and get him away. crispus,] Terence is ac19. Myconium,] 1 A native of Myco- cused of negligence here, in representing a nium or Mycone (hence a " hospes at Myconian crispus. (See note on 19.) But, I Athens), one of the Cyclades, in the Ægean, think, Terence uses the word purposely, in lying between Tenedos and Icaria. Pliny writes drollery. D. that all the Myconians were born bald. unà] 27. Cadaverosá] Sidon. Apoll. 13. Ep. IT In the same ship. conveni.] The im- 3. “ sordidior est atque deformior cadavere perative, as the penultima is short,
rogali.” L. Cadaverosa is not approved here; 20. vovisse hunc] Humorously. For per- because a face cannot be described from the sons setting out on a dangerous journey, espe- form of bodies, which is various and vague. cially by sea, used to make a vow for their Therefore read Lentiginosa. B. 1 Some safe return; and Pamphilus, he suggests, may explain this, livid, the colour of a corpse; or, be under these circumstances. D.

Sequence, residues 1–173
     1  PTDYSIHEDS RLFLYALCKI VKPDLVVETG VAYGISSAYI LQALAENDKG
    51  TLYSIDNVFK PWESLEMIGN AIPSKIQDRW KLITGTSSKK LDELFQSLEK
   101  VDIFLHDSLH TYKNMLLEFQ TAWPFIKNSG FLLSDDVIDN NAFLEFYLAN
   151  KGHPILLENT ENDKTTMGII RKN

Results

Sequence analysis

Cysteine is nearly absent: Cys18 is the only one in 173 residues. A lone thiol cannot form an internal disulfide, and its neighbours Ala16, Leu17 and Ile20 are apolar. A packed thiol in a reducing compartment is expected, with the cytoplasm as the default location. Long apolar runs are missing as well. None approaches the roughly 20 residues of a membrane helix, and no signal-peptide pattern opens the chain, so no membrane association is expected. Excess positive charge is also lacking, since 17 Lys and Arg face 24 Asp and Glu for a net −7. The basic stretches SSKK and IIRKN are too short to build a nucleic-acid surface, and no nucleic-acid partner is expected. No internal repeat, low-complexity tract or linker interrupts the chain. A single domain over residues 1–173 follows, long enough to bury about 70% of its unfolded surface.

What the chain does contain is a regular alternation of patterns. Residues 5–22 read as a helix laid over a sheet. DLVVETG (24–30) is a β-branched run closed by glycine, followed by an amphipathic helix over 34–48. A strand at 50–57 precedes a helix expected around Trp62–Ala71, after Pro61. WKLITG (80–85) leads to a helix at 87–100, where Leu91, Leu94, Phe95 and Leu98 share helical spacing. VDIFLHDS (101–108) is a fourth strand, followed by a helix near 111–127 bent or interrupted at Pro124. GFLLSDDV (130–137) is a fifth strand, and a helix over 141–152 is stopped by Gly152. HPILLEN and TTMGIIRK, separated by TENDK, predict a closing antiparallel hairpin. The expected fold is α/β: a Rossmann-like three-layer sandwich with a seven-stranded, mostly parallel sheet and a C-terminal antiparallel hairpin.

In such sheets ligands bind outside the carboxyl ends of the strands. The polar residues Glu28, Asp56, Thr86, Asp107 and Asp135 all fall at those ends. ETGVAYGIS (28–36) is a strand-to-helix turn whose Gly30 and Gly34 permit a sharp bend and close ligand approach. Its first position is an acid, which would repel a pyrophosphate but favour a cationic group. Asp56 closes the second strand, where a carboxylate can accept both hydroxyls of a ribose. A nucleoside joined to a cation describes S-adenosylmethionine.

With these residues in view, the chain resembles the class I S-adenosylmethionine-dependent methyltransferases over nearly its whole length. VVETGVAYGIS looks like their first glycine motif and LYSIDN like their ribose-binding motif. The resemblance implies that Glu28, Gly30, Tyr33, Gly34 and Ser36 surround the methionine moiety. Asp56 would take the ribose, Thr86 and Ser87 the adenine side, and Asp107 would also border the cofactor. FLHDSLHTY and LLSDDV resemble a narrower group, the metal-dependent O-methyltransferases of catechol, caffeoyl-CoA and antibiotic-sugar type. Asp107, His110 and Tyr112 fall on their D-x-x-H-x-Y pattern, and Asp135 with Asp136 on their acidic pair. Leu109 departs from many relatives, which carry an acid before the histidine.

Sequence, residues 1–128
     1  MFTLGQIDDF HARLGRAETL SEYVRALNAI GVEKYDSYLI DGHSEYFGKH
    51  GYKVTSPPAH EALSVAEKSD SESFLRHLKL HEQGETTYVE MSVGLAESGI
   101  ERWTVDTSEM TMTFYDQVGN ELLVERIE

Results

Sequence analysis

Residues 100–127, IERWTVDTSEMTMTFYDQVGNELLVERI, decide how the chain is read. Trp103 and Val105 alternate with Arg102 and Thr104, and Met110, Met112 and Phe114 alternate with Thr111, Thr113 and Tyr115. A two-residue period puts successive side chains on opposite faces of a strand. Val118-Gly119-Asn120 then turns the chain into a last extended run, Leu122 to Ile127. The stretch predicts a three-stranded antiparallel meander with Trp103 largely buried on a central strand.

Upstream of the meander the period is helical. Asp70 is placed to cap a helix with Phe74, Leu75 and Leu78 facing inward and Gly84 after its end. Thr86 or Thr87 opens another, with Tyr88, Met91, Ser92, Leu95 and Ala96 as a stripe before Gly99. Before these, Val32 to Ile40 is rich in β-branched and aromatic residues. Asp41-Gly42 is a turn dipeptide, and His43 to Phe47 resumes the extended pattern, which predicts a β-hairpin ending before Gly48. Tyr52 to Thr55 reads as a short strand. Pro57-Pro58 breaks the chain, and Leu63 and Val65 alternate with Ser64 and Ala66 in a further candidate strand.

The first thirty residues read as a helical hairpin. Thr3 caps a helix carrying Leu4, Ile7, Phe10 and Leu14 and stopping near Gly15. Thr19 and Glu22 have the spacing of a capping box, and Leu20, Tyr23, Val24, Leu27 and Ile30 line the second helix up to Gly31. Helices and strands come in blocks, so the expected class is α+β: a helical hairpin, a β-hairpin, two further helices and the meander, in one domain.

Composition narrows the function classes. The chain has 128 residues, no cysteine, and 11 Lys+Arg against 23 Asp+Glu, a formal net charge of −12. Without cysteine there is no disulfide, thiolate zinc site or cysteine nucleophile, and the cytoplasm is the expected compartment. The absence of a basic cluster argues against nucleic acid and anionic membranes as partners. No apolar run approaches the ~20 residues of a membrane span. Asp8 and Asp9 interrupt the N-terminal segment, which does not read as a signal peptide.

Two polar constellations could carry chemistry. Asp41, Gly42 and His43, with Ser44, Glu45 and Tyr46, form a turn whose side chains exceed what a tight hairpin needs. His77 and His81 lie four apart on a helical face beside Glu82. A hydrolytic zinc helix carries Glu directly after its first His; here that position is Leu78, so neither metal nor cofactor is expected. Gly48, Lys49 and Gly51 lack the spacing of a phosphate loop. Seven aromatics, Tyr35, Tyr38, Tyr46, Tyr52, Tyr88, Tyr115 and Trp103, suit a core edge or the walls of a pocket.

fat, bloated. I would explain: “ of a ghastly 22. an conveniam modo?] For Pamphi- appearance” (facies is distinct from vuis lus did not give him any message to Callide- tus); the words being intended as ludicrously
Quid, si non veniet ? maneamne usque ad vesperum ?
Pam. Maneto : curre. Par. Non queo ; ita defessus sum. 30 Pam. Ille abiit. quid agam infelix ? prorsus nescio
Quo pacto hoc celem, quod me oravit Myrrhina,
Nam me parenti potius, quam amori, obsequi 35 Oportet. at at, eccum Phidippum et patrem
Video : horsum pergunt. quid dicam hisce, incertus sum.
ACTUS III.-SCENA V.
LACHES, PHIDIPPUS, PAMPHILUS.
DIXTIN' dudum illam dixisse, se expectare filium?